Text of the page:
As Hurricane Matthew bears down on Florida with the potential for catastrophic damage to coastal areas, state and university officials are potentially re-evaluating a couple major college football games still scheduled for Saturday.

Rick Scott spokeswoman Jackie Schutz said the governor spoke directly today with Florida State University President John Thrasher about the status of the Seminoles' game against the University of Miami Hurricanes, where kickoff is scheduled for 8 p.m. in Miami Gardens.

Schutz said the governor did not express an opinion about whether the game should continue as planned, be cancelled or be relocated, rather Scott was "reaching out to learn more about the university's process" for making such a decision.

Schutz said staff in Scott's office have also been in touch with University of Miami officials, as well as officials at the University of Florida -- which is scheduled to play Louisiana State University at home in Gainesville at noon Saturday.

University leaders told Scott's office they would let the governor know soon about how they'll move forward with Saturday's games, Schutz said.

Earlier Thursday, Louisiana U.S. Sen. David Vitter tweeted that Scott should move the Florida-LSU game out of Gainesville, using the hashtags #CmonMan, #GeauxTigers and #StaySafe.

Gov. Scott: Half of available Florida National Guard activated for Hurricane Matthew


Florida Gov. Rick Scott on Thursday activated another 2,000 National Guard members — making for 3,500 members activated as of the afternoon, about half of what is available for deployment, Scott spokeswoman Jackie Schutz said.

Activated members include both soldiers and airmen, with search and rescue teams awaiting Hurricane Matthew in West Palm Beach and Orlando, said Air Force Maj. Caitlin Brown of the Florida National Guard. Other troops were at Camp Blanding near Starke, Fla.

Scott has authorized the mobilization of up to 6,600 Guard, if need be, Schutz said. Brown said the Guard has nearly 2,500 “high water vehicles,” eight helicopters, 17 boats and more than 700 generators that could be used in emergency operations, she added. The Guard also evacuated its “F-15 fleet out of the path of the storm.”

"Protecting lives remains our No. 1 priority and that is why I have now activated over half of the National Guard who will play a big role in important life-saving missions," Scott said in a statement Thursday afternoon. "I have directed them to focus on prepositioning resources, assist with helping people evacuate safely and our sheltering operations.  In the immediate aftermath of the storm, they will be involved in recovery efforts including search and rescue missions.  The Florida Fish and Wildlife Conservation Commission also has high-water vehicles prepositioned across the state to help with these efforts."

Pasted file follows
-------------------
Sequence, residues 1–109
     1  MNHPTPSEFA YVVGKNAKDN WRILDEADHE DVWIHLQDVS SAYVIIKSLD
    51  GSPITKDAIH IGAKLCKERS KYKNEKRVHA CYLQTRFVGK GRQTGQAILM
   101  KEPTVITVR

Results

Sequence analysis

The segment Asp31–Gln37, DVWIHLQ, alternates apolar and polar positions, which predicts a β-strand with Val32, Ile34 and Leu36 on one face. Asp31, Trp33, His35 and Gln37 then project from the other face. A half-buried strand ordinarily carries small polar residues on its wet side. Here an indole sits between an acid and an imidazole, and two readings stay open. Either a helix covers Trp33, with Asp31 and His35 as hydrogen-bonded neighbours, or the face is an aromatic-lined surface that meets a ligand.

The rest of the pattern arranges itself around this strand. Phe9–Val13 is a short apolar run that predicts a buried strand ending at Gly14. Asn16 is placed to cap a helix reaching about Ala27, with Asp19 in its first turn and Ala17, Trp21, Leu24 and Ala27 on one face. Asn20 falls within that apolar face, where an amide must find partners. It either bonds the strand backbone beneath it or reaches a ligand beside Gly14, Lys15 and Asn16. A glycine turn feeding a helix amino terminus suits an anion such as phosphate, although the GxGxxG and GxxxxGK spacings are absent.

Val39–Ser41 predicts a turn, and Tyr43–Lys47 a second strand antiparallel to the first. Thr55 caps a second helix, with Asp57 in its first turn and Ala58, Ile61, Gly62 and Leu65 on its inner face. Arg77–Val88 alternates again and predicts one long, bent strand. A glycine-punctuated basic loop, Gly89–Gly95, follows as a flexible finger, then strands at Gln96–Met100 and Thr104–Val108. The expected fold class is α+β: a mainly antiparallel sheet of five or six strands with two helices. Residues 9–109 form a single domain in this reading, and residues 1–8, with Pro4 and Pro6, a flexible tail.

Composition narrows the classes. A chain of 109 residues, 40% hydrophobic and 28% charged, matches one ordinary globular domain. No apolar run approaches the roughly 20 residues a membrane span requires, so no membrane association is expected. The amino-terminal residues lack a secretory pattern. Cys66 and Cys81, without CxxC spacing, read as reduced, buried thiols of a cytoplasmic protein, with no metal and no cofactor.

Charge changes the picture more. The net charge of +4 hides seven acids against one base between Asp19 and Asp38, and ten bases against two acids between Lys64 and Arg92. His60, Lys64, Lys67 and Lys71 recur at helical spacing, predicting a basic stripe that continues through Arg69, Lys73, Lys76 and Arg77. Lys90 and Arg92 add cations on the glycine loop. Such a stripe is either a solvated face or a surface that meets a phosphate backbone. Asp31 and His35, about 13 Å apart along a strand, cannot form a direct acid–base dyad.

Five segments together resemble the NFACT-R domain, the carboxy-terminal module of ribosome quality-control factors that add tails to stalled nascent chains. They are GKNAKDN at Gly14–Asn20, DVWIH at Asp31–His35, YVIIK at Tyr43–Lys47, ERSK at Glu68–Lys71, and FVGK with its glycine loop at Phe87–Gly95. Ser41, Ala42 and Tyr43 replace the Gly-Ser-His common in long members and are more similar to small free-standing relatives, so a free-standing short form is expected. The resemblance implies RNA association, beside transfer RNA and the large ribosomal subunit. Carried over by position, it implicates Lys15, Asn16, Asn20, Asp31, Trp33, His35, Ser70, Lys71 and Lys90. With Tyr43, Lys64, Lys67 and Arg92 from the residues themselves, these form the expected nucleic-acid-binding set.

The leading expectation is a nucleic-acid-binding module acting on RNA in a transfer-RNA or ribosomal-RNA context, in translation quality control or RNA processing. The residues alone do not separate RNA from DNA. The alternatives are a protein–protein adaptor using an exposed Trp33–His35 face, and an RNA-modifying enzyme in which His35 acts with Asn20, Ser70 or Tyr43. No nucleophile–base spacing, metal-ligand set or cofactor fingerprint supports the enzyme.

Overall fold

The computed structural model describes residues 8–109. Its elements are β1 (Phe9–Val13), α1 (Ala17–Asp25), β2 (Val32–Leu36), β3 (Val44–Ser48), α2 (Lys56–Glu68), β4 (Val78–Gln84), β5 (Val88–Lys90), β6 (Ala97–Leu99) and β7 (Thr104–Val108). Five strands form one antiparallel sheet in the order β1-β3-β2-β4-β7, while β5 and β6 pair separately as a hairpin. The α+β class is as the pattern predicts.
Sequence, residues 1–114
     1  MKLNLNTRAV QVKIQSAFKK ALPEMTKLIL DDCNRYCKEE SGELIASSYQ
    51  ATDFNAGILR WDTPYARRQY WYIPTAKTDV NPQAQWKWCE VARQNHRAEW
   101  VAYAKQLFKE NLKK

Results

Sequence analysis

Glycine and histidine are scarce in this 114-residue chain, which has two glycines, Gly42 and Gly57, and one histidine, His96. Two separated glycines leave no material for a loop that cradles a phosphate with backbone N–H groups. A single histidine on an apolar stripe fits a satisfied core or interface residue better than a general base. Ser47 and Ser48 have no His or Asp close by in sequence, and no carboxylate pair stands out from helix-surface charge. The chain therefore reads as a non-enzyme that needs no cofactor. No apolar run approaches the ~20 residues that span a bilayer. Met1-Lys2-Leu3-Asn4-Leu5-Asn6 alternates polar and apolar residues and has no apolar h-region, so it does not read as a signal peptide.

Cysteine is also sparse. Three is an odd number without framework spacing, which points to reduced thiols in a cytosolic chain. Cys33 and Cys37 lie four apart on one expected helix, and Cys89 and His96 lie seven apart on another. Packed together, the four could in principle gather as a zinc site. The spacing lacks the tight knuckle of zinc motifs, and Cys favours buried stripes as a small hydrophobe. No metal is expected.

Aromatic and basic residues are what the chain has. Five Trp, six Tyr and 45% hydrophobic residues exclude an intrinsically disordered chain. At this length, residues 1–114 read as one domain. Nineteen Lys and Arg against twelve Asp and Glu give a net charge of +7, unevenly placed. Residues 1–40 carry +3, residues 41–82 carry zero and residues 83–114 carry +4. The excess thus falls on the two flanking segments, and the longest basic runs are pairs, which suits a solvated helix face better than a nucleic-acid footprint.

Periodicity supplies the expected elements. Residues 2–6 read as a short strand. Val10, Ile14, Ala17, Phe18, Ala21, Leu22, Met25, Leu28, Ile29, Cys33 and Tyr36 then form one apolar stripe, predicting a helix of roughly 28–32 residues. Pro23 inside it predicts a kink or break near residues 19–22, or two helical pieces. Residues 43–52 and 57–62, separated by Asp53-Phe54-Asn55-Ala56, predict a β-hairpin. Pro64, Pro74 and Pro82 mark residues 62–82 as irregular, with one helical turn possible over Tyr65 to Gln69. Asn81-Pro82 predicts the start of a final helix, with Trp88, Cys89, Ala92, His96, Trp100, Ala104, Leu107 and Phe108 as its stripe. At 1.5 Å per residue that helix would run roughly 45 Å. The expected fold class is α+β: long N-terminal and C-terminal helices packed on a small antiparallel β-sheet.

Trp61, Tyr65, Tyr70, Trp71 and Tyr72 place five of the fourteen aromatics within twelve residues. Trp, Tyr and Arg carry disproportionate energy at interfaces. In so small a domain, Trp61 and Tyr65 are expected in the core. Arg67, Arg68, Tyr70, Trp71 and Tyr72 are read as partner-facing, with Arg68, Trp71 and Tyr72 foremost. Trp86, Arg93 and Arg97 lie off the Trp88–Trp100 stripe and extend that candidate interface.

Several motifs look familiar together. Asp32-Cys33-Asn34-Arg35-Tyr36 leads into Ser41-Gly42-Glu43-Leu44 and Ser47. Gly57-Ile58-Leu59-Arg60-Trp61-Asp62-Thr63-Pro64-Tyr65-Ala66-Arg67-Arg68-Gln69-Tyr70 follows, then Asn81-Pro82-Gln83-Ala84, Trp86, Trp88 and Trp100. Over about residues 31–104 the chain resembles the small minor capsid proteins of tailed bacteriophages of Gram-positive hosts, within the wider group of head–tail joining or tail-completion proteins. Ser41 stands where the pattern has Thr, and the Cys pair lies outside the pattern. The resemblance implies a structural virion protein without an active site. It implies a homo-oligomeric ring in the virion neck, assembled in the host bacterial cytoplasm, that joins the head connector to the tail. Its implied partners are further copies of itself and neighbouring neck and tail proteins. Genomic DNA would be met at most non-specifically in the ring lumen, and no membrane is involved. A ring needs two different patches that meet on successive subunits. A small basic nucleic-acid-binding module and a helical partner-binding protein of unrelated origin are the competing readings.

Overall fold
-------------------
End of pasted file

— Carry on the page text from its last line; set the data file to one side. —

"While the federal government has just approved our request for a pre-landfall emergency declaration for food, water and tarps, I am asking the President for additional generators and pumps to help with power outages and flooding once the storm hits," Scott added. "Following the most recent weather briefing from the National Hurricane Center, we can expect to have a lot of flooding, especially in Northeast Florida, and we will need additional pumping equipment from the federal government.”

President Obama signs Florida emergency declaration for Hurricane Matthew

@PatriciaMazzei @ByKristenMClark

President Barack Obama signed an emergency declaration for Florida on Thursday afternoon, anticipating extensive damage from the approaching Hurricane Matthew.

Gov. Rick Scott had requested the federal designation Wednesday. He and Obama spoke by phone early Thursday afternoon, according to Scott’s office, and the White House announced the emergency declaration shortly after.

Federal agencies will now be authorized to coordinate disaster relief efforts and use federal aid to assist state and local governments in dealing with the storm. The emergency designation applies to 28 counties all along Florida’s coast, from Monroe in the Florida Keys to Nassau on the Georgia border.

Scott had criticized Obama for not signing an emergency declaration as quickly as the governor would have liked after Hurricane Hermine hit Florida last month. The president eventually approved the designation for six counties.

On Thursday ahead of Matthew, Scott and Obama spoke for a few minutes just after 12:30 p.m., Scott’s spokeswoman Jackie Schutz said.

More here.

Photo credit: Kevin Dietsch, Bloomberg

Gov. Rick Scott on Hurricane Matthew: 'Unfortunately, this is going to kill people'

State at eoc 1006


As South Florida began to see squalls from the outer bands of Hurricane Matthew on Thursday morning, Florida Gov. Rick Scott didn’t sugarcoat the danger that awaits coastal residents who don’t evacuate.

“This storm will kill you,” Scott said during a morning briefing at the state Emergency Operations Center in Tallahassee. If “you’re in an evacuation area, get out. Don’t take a chance.”